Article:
The celebration of the 200th anniversary of the birth of Franz Liszt is shared by performers, audiences, universities, societies, and cities during 2011. The Daniel Barenboim recordings from 1982 through 1998 now become a part of this exuberance, spotlighting the phenomenal skill and enduring popularity of this excellent musician. These fantasies and sonatas on Faust and Dante are rich selections from Liszt's prodigious output on subjects which were very popular with concert-going patrons in the 19th century. Those audiences were familiar with the works and the stories which inspired numerous composers of the period.
This is a 3 CD set in cardboard; the discs are difficult to read with white print on pale green background. Even the pictures on the cover are used on other Barenboim releases. While any student can dig for online information, the accompanying booklet should be a valuable introduction and indoctrination, beckoning the listener toward appreciation of this venue. The booklet lists the compositions and artists, but includes no discussion to help the new listener or student with insight into the pieces. Unfortunately, the tracks are not labeled on the playlist.
The first CD is comprised of a Faust-Symphonie in character sketches featuring the incomparable Plácido Domingo and the Chor der Deutschen Staatsoper Berlin. The Goethe work inspired numerous artists and audiences of that period. The Berlin Philharmonic is unquestionably the epitome of excellence in this performance.
Next the Dante Symphony on the Divine Comedy presents the Berlin Philarmonic Orchestra performing the Inferno, Purgatorio, and a Magnificat using the ethereal voices of the Damenchor des Fundfunkchors Berlin. Liszt's music is especially appealing to those preferring the long build-up in the style of Wagner. The student is encouraged to explore the connection between these two composers, and the stories surrounding Liszt's inspiration. The Hungarian Rhapsody No. 2, best-known of the Rhapsodies, features a very talented clarinetist, but commences with a dragging Lento. The placement of the microphone hampers the listening experience which would not be noticed in concert. The capriccio makes up for lost time by racing through to the can-can.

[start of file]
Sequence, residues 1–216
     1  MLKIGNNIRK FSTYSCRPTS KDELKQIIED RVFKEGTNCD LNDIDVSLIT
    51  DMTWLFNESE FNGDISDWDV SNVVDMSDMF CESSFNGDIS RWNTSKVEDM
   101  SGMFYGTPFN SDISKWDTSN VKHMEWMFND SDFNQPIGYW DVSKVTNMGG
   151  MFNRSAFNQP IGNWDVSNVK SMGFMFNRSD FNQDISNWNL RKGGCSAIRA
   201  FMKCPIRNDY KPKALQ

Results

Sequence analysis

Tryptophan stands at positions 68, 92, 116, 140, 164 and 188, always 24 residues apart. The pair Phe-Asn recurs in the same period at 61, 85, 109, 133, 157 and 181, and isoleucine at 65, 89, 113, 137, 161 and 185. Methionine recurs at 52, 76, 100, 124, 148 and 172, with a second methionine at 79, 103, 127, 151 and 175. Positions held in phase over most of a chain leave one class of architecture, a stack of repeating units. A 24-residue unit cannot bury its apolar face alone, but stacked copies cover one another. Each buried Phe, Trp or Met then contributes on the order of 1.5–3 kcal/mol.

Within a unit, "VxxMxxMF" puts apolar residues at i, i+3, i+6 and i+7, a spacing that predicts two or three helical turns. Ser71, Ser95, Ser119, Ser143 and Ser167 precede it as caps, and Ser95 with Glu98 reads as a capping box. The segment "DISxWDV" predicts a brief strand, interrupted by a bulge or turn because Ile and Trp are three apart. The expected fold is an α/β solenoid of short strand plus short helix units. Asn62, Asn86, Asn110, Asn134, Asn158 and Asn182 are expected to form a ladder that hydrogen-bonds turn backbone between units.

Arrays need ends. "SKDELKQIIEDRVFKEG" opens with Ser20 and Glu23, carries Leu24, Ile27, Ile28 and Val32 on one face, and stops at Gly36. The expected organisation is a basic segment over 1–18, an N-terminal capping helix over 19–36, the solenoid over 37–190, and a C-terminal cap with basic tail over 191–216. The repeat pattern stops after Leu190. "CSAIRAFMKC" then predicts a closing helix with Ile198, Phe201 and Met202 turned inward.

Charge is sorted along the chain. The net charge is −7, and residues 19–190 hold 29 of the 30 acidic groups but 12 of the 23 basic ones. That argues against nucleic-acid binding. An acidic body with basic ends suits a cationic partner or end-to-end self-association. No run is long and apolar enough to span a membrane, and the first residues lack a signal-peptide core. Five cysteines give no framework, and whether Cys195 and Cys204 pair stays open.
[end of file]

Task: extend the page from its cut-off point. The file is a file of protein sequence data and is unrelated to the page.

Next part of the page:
CD3 includes the Dante Sonata from 1849, quite different from the Symphony in CD2. This was written after Liszt heard a lecture on The Divine Comedy. Next the Sonata in b minor begins ominously, perhaps inviting the listener to a fantasy Halloween mystery tale. However, the mystery resolves to a moving, lyrical meditation before finally fading away. Paraphrases on compositions by Verdi conclude this portion of the performance.
Liszt-mania prevails this year, culminating with world-wide celebrations on October 22, 2011. Hundreds of recordings and performances will be compared to the skill and professionalism of Daniel Barenboim in these definitive renditions of Liszt favorites. Mr. Barenboim has set and still maintains a standard by which other performers are measured.